"Statsraad Lehmkuhl" was known for having good rowers. When the ship met other school ships or naval vessels, racing was common. And the crew of the "Statsraaden" usually ran away with the victory. Here racing with crew from the school ship in 1923. Photo: UiB

The voyage

Later on National Day 1937 the school ship left Bergen. The next destination was Skagen. The Danish city has been visited often since.

Here the ship officers refilled their supply of whiskey, beer and cigarettes. To the excitement of the schoolboys, the officers' alcohol consumption encouraged them to sail really hard. Reaching speeds up to 16 knots, «Statsraad Lehmkuhl» "parked" both steamers and motor ships. In the following months, they sailed along the entire Norwegian coast.

The boys also got hold of cigarettes. Golden West and Teddy were the most popular brands. Sverre was a non-smoker, but sold cigarettes in exchange for food. Sverre was also plagued by seasickness.

The hungry young boys also found other ways to get hold of more food. One of their tricks was hoisting a boy down by his legs along the side of the ship, and stealing bacon sausages from the provisions room with a hook.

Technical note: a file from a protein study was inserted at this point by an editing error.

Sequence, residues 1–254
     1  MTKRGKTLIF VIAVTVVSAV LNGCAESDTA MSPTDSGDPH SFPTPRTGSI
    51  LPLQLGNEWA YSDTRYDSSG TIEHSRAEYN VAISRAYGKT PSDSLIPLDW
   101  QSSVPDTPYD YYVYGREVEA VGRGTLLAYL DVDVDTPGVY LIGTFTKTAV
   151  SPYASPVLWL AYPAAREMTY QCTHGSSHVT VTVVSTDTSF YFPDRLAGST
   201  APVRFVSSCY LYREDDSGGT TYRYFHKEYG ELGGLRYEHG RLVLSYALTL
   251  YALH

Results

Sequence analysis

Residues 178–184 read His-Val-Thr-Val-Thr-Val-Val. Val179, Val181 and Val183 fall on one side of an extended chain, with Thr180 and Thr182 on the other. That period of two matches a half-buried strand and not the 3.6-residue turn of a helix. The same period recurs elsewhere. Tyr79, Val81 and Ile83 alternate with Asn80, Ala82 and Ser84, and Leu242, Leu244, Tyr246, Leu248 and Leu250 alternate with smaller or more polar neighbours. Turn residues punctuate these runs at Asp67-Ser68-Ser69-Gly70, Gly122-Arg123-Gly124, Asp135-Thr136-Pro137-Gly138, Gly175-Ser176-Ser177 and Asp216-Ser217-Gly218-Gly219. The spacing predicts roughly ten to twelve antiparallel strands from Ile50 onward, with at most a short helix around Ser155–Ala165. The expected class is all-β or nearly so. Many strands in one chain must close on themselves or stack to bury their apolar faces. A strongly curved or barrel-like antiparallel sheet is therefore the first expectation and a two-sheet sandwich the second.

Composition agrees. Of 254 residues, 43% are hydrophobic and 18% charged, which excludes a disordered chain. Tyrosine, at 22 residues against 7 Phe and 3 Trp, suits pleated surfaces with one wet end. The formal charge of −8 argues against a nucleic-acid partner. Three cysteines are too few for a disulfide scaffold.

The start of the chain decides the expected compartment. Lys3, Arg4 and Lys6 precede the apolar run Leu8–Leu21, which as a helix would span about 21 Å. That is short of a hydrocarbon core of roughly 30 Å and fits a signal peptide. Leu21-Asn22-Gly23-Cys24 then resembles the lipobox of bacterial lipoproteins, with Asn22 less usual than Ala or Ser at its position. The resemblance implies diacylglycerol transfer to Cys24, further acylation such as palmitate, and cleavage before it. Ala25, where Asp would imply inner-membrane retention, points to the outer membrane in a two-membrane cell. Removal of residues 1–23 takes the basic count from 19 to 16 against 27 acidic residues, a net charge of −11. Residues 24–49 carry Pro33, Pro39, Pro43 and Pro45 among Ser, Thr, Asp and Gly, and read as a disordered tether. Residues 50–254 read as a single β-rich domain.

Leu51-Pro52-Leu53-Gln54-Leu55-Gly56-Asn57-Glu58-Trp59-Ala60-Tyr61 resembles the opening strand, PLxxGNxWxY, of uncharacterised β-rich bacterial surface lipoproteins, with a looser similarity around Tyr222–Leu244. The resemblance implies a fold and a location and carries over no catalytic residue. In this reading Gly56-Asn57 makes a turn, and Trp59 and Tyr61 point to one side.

Sverre too had to confess to stealing goat cheese and soda water. His punishment was "running the rig" all the way to the top on one side and down the other ten times, plus a five-day denial of land law.

During Sverre's time on board the ship, there was also a real crime committed. One of the sailors robbed the ship's safe. The robber was later arrested in Kristiansand, broke as a church mouse.

Anchored i 1924. Photo: UiB
Anchored i 1924. Photo: UiB

From school ship to war

The school ship's longest journey was from Bodø in the north of Norway to Copenhagen in Denmark in the south. Sverre tells about a visit to Carlsberg's brewery in Copenhagen with a subsequent «tasting». It became Sverre's job to get the loud and overly drunk shipmates on board after the trip.

At the end of September, «Statsraad Lehmkuhl» docked in Bergen. The ship was now rigged down and prepared for winter storage, and the school ship crew disembarked.

After leaving the ship, Sverre returned to Vaksdal. He made several trips to the hire office in Bergen, but was turned down every time, until he finally got a job as a deckhand on DS "Storviken" from Kopervik on November 4, 1937.

Sverre sailed abroad throughout the war, and disembarked as first mate on August 3, 1945. On February 5, 1980, he received the Norwegian War Medal, for his service during the Second World War.

This article was first published in Bergens Tidende September 3, 2021.

Translated from Norwegian by Ronald Toppe